Injection. But this is a level of
complexity that I think it raises the barrier of entry
to this application. And that didn’t exist in
the same way as before. Yep. AUDIENCE: [INAUDIBLE] MARK JACOBS: Which is
totally different. [LAUGHTER] MARK JACOBS: The AMD modules
world is really about how to take a large body of JavaScript
and create bundles out of it that can be
conditionally loaded, or asynchronously loaded. That’s not at all– In fact I was talking with one
of my developers on my team about this this morning. That’s not at all what Angular
modules are about. Angular modules are about classical Dependency Injection. Given a bunch of interfaces,
which copy classes should I plug into those interfaces? So an Angular module, in a
sense, its main function is just simply saying, which
concrete service that’s already loaded, will I plug into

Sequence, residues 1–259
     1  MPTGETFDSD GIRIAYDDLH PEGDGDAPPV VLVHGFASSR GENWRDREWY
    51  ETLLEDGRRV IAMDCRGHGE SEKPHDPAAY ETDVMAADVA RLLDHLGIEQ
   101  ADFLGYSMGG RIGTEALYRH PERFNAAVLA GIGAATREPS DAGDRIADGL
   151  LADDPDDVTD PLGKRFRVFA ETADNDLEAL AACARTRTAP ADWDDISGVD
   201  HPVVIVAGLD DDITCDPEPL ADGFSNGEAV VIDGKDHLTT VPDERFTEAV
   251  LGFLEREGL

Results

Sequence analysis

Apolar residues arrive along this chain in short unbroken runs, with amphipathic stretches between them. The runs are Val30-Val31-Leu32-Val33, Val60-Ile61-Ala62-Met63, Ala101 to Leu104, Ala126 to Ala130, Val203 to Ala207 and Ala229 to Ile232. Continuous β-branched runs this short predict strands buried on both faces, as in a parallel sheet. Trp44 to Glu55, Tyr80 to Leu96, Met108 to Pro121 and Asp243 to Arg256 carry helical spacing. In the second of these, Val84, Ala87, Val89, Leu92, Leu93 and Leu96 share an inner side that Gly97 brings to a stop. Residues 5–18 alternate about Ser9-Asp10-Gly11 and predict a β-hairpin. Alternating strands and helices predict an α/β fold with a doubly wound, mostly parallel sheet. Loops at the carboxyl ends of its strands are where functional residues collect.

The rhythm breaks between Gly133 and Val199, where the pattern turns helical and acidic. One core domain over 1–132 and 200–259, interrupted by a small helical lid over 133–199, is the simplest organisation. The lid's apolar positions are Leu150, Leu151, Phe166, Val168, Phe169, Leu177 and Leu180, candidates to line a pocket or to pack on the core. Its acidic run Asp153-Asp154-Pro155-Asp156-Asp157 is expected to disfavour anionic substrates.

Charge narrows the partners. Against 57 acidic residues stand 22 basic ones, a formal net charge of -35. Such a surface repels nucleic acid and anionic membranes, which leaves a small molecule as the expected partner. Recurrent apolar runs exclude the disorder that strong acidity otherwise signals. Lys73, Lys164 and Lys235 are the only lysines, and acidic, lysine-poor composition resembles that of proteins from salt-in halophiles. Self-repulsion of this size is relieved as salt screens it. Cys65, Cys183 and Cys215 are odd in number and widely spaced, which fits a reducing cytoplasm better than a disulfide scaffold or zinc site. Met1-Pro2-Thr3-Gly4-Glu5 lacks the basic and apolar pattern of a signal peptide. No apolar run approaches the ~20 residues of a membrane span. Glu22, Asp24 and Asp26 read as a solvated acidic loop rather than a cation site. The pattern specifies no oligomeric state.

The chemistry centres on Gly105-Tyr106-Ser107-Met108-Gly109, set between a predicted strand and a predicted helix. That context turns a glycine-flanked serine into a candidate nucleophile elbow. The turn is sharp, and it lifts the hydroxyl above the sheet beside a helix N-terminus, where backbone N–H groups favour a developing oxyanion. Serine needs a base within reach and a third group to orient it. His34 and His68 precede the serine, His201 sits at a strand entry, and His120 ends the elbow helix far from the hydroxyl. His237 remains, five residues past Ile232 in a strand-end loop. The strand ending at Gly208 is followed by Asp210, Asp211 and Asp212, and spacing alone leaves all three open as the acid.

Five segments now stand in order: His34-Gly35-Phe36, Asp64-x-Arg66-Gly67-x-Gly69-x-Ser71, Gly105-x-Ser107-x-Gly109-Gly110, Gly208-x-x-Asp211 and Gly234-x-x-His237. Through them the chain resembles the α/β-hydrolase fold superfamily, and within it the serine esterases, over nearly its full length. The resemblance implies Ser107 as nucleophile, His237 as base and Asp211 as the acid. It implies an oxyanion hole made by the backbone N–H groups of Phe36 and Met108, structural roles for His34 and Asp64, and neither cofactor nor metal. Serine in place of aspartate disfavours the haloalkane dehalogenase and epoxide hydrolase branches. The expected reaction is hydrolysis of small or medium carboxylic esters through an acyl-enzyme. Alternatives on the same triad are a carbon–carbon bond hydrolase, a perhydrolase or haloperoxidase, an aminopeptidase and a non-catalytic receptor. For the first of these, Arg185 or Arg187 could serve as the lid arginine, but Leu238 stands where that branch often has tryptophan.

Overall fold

a class that’s asking for that service? Like $HTTP. HDP. Which implementation of $HTTP
should I hand off to a class that’s [INAUDIBLE]. And it also deals with how to
fill in all those different [? structure ?] parameters. The other thing Angular modules
does, which is not really as much part of Juice,
is, it gives you a place to put a little bit of code when
the application bootstraps. But the main thing is all
about configuration. When I was talking about it with
my engineer this morning, he said, but the Angular doesn’t
actually conditionally load anything. I could have two HDP
implementations, but the Angular doesn’t help
me conditionally load one or the other. You’re right. It doesn’t do that. It’d just simply say, given that
both are loaded, or both their names are valid, which
one I can plug in? So that is a little confusing. But that goes to my point, which
is that this stuff has gotten a little bit
more complex. And that’s a risk. AUDIENCE: [INAUDIBLE] Angular integrate well with
normal [? conveyance ?] or [INAUDIBLE] models? MARK JACOBS: Sure. It’s just they’re completely
orthogonal to each other. AUDIENCE: [INAUDIBLE] MARK JACOBS: No. As a perfect example– this is a concrete example of
what we’re talking about. Let’s say that I had a
major feature like our Campaign Explorer. And in the future, I have
two versions of it. I’ve got a v.1 and a v.2 And